Date of Thesis

Spring 2012


When Huxley proposed, Blythe imagined herself fifty years into the future at his funeral. He was such a good man, they’d say. Seventy-two is too young, they’d say. She’d nod and, she had imagined, remember this moment – them lounging in her bed during the early afternoon with the sunlight threatening to burst from behind the drawn shades, him lying on his side with his left arm anchored around her waist, and the tickle of his thumb as he traced circles on her bellybutton. She rubbed her nose against his neck and breathed. His scent was different from that of Walter. Huxley smelled of pears and basil. Walter smelled of leather and soap. She didn’t smell Walter intentionally, of course. He walked into the White Dog the prior day while she was drinking a mint-mocha cappuccino and studying for an exam on medical physiology. The wind whiffed his odor towards her. She didn’t look at him, but she couldn’t stop from inhaling. “People get married after college,” Huxley swung his right leg over and straddled her, forcing her to look at him. “It’s almost been a year since we graduated. It’s what we should do.” She had wondered if he could donate organs if he were seventy-two years old. Not his liver or heart or anything like that, of course, but maybe his eyes. It’d be a shame if they couldn’t preserve his eyes. She noticed them first: they were alert and misty blue, like Santa’s. But then she wondered if eye characteristics like color were even changed during cornea transplants. Walter had plain brown eyes. She hated brown eyes. She told people that she had brown eyes, because they were dark and no one ever looked close enough. Except Huxley. They were at dinner with mutual friends and were talking about eye color, and how they all wished that theirs were like those of the young Afghan girl on the 1985 cover of National Geographic.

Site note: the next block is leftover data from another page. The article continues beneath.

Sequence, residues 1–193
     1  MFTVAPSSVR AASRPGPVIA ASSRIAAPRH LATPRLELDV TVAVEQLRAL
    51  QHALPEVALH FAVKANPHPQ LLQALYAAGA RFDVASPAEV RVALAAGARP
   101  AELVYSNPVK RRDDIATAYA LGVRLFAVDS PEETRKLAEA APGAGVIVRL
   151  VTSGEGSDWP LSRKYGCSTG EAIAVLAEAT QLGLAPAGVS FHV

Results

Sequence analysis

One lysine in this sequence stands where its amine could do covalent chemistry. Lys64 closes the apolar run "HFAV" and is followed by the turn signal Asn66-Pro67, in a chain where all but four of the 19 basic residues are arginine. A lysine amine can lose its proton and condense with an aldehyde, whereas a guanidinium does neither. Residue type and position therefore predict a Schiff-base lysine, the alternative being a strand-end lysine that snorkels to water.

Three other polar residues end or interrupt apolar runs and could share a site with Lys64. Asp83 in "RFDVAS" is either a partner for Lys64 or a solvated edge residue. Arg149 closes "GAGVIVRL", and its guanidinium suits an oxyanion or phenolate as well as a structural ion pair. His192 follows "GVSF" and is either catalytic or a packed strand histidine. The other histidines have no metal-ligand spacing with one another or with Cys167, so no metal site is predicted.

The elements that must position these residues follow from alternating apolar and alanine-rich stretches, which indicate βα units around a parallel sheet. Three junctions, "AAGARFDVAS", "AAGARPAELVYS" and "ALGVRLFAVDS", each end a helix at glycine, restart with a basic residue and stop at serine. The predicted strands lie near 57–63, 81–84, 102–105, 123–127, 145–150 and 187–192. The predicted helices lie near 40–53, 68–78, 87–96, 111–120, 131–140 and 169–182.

Access Type

Honors Thesis (Bucknell Access Only)



First Advisor

G. C. Waldrep